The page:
Senator Donovan Dela Cruz who introduced SB 2375 stated, “Farmers are being forced to diversify their products in order to make ends meet while continuing to provide local food for the community. This bill allows for additional opportunities for them to create revenue.”
SB 2375 immediately goes into effect; SB 2646 is effective July 1, 2012.
Governor Abercrombie today also signed into law the following measures:
House Bill 1524 – Makes theft of agricultural commodities an offense of theft in the second degree and requires restitution to the victim.
House Bill 1942 – Appropriates $200,000 for the Electronic Importer Manifest Program to support our agricultural inspectors in the prevention of invasive species.
House Bill 1943 – Appropriates $162,540 to reinstate the plant quarantine detector-dog program to help prevent the introduction of invasive species.
House Bill 2244 – Authorizes the State Department of Agriculture to establish compliance agreements with the federal government and other states regarding inspections for the import and export of plant commodities.
House Bill 2296 – Prohibits the purchase, sale, transportation, and delivery of any item containing bear gallbladders or bile.
House Bill 2429 – Allows ex-officio members of the Board of Agriculture to designate a representative to attend Board meetings.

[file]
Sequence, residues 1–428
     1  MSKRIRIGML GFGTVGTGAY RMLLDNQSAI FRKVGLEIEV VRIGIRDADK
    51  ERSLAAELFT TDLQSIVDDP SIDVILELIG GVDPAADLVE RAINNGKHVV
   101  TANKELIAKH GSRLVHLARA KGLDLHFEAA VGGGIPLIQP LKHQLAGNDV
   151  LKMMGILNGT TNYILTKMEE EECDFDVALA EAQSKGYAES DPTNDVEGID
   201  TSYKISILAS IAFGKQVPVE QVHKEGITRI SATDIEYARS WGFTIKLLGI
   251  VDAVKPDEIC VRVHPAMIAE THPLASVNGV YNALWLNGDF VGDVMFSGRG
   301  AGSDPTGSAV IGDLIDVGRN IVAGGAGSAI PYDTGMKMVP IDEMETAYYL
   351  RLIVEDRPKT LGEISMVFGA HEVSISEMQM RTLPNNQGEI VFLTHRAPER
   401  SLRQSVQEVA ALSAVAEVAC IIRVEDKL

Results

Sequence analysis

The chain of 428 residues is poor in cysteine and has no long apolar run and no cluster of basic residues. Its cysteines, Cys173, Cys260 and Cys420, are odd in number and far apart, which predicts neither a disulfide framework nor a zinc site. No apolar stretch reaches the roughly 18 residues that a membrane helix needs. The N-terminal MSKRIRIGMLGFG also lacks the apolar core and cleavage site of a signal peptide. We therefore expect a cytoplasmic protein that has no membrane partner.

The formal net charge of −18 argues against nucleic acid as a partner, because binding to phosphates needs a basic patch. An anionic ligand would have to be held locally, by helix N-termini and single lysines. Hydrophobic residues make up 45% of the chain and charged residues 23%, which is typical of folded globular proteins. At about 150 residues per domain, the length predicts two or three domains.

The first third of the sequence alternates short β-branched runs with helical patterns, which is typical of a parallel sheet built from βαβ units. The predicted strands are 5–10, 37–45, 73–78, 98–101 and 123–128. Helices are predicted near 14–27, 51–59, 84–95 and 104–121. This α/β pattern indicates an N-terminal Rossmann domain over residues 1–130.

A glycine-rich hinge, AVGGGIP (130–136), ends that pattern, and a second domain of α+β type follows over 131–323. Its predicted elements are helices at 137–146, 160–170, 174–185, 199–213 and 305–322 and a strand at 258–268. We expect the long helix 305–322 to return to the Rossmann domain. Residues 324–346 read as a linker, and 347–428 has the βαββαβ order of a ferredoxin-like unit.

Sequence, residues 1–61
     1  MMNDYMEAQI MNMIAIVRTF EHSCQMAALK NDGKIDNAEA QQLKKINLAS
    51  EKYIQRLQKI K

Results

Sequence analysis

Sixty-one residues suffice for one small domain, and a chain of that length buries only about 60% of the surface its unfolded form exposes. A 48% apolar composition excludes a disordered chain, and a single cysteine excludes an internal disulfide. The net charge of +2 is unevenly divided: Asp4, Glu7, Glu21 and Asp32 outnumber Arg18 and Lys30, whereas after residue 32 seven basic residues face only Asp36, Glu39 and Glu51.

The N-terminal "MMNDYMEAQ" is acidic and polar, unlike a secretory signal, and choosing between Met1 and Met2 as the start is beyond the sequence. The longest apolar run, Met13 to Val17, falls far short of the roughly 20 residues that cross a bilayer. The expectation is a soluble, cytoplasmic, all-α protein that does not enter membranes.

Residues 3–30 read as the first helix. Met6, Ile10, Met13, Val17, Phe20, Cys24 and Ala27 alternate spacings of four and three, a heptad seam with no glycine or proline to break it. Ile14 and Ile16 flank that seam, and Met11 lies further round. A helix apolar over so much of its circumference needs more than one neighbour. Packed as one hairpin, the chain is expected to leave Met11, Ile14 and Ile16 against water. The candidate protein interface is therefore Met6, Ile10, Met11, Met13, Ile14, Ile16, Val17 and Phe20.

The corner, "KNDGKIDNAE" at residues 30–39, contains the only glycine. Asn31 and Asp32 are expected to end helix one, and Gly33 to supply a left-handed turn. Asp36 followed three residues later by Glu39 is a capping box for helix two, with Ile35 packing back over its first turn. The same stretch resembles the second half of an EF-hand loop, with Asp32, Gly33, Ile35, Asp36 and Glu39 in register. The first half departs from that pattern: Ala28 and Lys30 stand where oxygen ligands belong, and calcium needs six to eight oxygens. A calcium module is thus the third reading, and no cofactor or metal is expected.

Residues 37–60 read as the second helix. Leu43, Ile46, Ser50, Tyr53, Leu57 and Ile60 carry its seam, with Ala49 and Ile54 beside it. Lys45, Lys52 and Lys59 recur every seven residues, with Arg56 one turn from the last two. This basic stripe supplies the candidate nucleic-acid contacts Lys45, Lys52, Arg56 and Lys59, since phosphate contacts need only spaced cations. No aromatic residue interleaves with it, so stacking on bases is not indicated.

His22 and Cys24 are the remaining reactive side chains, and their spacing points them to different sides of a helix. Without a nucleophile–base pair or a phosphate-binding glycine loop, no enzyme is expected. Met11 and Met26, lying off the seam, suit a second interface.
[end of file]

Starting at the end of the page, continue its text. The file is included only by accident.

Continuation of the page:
Senate Bill 2695 – Appropriates $250,000 for a livestock feed feasibility project and another $250,000 to reimburse livestock producers for feed costs.
House Bill 1764 – Allows for the waiver of residency requirements for state or county department heads and deputies or assistants to a department head, when the appointed officer is required to have highly specialized or scientific knowledge or training and a qualified applicant who meets the residency requirement is not available to fill the position.
House Bill 2476 – Makes appropriations for claims against the State or its officers or employees.
House Bill 2848 – Requires the Department of Public Safety to plan for a model wellness center that employs native Hawaiian cultural practices on state land.
Senate Bill 2228 – Establishes an electronic tracking system for the sale of products containing pseudoephedrine.